Here, in a nutshell, is the business model of Hardworking Millionaire:
- Provide a step-by-step program that all Hardworking Millionaires can implement to start a business based on their idea, TODAY. It will be interactive and feature question and answer sessions, “homework” assignments, and some motivational/mental work.
- Sift through online forums and blogs to find links to help folks get started turning their idea into a business. Separate the content from the crap and publish the good stuff on a regular basis (I am thinking weekly.)
- Build a community that can ask questions and receive answers online, in real time, and encourage everyone to participate and give support to those getting started.
- Offer meetups and/or seminars on a regular basis where people can come and meet me in person, meet others form the community in person, and network with other businesses. I will likely open these up to the public for typical seminar fees and offer significant discounts for members to drive membership.
- Offer a free, no-strings-attached, no-credit-card-required 30-day membership so people can test-drive the site and see if it really works for them.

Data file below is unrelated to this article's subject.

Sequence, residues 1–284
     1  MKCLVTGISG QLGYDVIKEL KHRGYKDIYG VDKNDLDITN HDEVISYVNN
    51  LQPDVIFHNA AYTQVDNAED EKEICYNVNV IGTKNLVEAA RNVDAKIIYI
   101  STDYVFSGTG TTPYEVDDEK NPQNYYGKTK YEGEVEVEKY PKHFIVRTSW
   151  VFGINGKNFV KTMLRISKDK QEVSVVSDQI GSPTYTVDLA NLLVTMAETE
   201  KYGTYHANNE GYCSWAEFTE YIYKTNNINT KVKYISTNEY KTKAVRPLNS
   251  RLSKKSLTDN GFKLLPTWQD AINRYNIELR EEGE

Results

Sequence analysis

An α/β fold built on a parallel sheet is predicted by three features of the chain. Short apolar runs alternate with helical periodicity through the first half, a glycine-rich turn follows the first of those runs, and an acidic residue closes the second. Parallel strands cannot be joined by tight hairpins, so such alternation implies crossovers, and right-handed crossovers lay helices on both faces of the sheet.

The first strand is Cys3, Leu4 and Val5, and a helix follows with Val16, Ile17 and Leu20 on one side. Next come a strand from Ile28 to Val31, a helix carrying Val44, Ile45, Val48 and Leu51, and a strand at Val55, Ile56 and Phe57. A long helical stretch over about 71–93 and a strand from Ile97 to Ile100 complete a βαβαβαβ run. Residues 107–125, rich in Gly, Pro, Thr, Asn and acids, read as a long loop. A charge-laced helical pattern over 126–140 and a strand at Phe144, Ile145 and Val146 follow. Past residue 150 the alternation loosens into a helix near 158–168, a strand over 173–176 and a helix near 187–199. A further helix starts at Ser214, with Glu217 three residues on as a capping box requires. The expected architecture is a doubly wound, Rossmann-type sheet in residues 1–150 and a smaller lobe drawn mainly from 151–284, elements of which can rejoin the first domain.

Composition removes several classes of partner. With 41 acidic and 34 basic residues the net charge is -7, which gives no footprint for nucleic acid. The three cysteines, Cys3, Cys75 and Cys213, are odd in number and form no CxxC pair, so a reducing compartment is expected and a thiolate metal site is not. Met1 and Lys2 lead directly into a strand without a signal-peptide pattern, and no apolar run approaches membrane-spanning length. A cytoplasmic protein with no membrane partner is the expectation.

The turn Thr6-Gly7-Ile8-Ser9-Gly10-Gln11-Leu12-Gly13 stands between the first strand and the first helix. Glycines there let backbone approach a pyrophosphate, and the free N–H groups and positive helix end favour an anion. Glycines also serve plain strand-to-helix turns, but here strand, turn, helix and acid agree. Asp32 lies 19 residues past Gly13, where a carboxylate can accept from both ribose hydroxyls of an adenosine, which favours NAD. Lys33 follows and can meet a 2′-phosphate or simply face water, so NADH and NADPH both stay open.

Here’s the scoop: If I can sign up 2,000 members at $48/month, the site will gross $1,152,000 a year. After paying at least one employee to do things like resolve membership difficulties, paying for hosting, and paying merchant account fees, I will still gross over a million dollars a year. I may not make $1 million after affiliate commissions, but by that point, enough people will be joining the site that it won’t be a problem.
The key here is to provide value. If there is no value in the site, or the site is static, people won’t continue paying the fee. That means this isn’t completely passive income — truly passive income would mean I don’t have to do any work. It does mean, however, that after putting in crazy hours for a year or so, I can maintain the site with 10-20 hours of work a month and a few employees. Unlike the web hosting industry, it doesn’t require 24×7 support. And unlike expensive seminars or cheap e-books, the onus is on me to deliver the goods, month after month.
I turn 27 in July. That means I have a little over three years to pull this off. I’m fairly confident I can sign 2000 people by the time I turn 29 in July, 2010. If you think I can’t… well, you didn’t watch me grow a web hosting company from absolutely nothing to 600+ customers at its high point, 170 of whom paid over $100/month each by the time I sold it in September 2007.
This is like web hosting, only more interesting to me, and hopefully of even more value to my customers. It’s what will get me to my goal of $1,000,000 a year in passive income by the time I turn 30, but more importantly, it will help thousands of people turn an idea into a business. That’s what I am most looking forward to!